Congress recently passed a new, comprehensive trade secret law called the Defend Trade Secrets Act (DTSA) (18 USC sec. 1832 et seq) that many employers will want to take full advantage of in the event they are the victim of employee misappropriation of proprietary information. However, to do so, employers must include special provisions in their typical employment documents as mandated by the new law.
There are a number of advantages for employers in the DTSA: a) automatic federal court jurisdiction for cases involving misappropriation of trade secrets; b) a provision authorizing early seizure (without notice) of trade secret information from the misappropriator; c) punitive damages (up to 2x actual losses); and d) attorneys’ fees. The new law does not displace state law remedies, but may afford employers an edge not always available under state law (e.g., punitive damages).
Here is the catch. To get all of these bells and whistles (punitive damages and attorneys’ fees, in particular) the employer must have included certain notifications for the benefit of employees in its confidentiality agreements or employment policies. The notifications all relate to an employee’s right to use or reveal trade secrets in certain socially desirable circumstances (as determined by Congress), which broadly fall under the heading of “whistleblowing.” In particular, the employee must be informed that he/she is protected from trade secret misappropriation liability:
- if the disclosure of the trade secret is made in confidence to a federal, state, or local government official or an attorney for the sole purpose of reporting a suspected legal violation;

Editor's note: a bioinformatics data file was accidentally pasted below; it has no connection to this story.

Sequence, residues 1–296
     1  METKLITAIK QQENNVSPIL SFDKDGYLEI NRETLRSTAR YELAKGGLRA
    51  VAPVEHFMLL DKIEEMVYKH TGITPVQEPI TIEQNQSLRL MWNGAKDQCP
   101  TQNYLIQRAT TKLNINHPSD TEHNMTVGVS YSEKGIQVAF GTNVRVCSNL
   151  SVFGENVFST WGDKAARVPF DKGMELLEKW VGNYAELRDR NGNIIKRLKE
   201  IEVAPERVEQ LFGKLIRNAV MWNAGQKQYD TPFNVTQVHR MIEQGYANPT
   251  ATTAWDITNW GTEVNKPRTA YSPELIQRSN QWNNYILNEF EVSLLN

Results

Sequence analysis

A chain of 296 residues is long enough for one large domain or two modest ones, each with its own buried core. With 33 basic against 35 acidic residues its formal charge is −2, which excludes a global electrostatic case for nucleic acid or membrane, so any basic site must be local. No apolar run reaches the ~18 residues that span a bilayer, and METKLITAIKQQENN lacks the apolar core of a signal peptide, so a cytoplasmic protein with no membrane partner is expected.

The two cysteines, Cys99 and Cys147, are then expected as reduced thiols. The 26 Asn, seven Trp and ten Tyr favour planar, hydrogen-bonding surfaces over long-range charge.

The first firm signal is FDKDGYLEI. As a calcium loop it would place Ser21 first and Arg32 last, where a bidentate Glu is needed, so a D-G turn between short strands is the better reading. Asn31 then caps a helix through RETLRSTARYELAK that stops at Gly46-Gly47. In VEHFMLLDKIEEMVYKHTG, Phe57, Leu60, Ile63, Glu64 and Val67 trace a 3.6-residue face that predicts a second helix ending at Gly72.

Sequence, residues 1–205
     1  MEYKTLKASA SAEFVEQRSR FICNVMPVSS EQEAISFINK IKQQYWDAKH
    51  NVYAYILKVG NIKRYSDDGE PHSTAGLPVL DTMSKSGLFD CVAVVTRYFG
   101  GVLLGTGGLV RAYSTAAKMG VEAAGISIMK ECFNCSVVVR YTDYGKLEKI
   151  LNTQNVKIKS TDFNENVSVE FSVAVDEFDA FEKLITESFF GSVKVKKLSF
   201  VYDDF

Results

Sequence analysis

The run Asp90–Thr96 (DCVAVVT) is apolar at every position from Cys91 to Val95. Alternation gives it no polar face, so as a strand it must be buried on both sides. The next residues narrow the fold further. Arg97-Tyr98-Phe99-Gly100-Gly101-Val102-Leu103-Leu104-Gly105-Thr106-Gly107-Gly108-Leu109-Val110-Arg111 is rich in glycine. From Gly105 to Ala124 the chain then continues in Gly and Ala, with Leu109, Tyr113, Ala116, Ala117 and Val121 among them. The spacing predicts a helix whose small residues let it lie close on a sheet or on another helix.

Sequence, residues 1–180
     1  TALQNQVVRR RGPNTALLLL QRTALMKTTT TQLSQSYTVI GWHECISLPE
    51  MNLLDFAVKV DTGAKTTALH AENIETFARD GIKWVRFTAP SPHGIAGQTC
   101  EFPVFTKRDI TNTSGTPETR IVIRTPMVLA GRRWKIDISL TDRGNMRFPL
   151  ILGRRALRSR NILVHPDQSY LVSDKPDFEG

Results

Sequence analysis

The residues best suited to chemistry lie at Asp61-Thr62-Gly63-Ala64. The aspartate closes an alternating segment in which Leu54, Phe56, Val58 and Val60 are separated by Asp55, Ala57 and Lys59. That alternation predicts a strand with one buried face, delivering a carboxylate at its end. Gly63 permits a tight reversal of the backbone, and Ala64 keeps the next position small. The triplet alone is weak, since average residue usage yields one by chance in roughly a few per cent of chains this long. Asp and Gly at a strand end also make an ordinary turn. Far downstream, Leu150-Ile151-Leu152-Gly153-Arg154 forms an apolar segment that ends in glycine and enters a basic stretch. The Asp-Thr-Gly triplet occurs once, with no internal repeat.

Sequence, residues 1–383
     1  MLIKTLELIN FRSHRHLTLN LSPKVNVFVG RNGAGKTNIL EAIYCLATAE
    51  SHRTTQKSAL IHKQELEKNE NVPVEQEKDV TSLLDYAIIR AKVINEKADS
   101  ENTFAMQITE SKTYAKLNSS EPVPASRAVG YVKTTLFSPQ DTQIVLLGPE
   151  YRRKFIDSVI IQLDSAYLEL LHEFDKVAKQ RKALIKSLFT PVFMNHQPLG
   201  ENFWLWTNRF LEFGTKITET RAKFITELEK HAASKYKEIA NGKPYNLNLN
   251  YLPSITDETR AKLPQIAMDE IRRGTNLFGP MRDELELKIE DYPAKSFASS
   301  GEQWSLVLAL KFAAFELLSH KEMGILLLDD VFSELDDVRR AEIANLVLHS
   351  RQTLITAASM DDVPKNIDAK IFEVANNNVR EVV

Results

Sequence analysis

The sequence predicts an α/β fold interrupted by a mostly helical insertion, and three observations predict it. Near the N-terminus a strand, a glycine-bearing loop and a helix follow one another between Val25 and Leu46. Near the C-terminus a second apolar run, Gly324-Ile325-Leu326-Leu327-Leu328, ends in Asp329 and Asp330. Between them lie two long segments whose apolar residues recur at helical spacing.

- if the disclosure is made in a complaint or other document filed in a lawsuit, provided the filing is made under seal; or
- if the trade secret is disclosed in connection with a retaliation lawsuit filed by the employee against the employer for reporting a violation of the law.
Companies are required to notify workers of these “immunities” in any new agreement (i.e., an agreement entered or updated after the effective date of the DTSA, May 11, 2016) governing the use of trade secrets or confidential information. Alternatively, an “employer shall be considered to be in compliance with the notice requirement . . . if the employer provides a cross-reference to a policy document provided to the employee that sets forth the employer’s reporting policy for a suspected violation of law.”
Previously, to get into federal court on a trade secret theft case often required shoe-horning the case into statutory models (like the Computer Fraud and Abuse Act) that were not always a good fit. Now, the DTSA opens up the federal courts to virtually all trade secret theft cases, and adds powerful tools not always available under state law.
In order to be in a position to take full advantage of the DTSA, employers will want to update their typical employment documents (Non-Disclosure Agreements, Confidentiality Agreements, Non-Competition Agreements etc.) to include the mandated notifications or to address the issues in a new or updated written employment policy.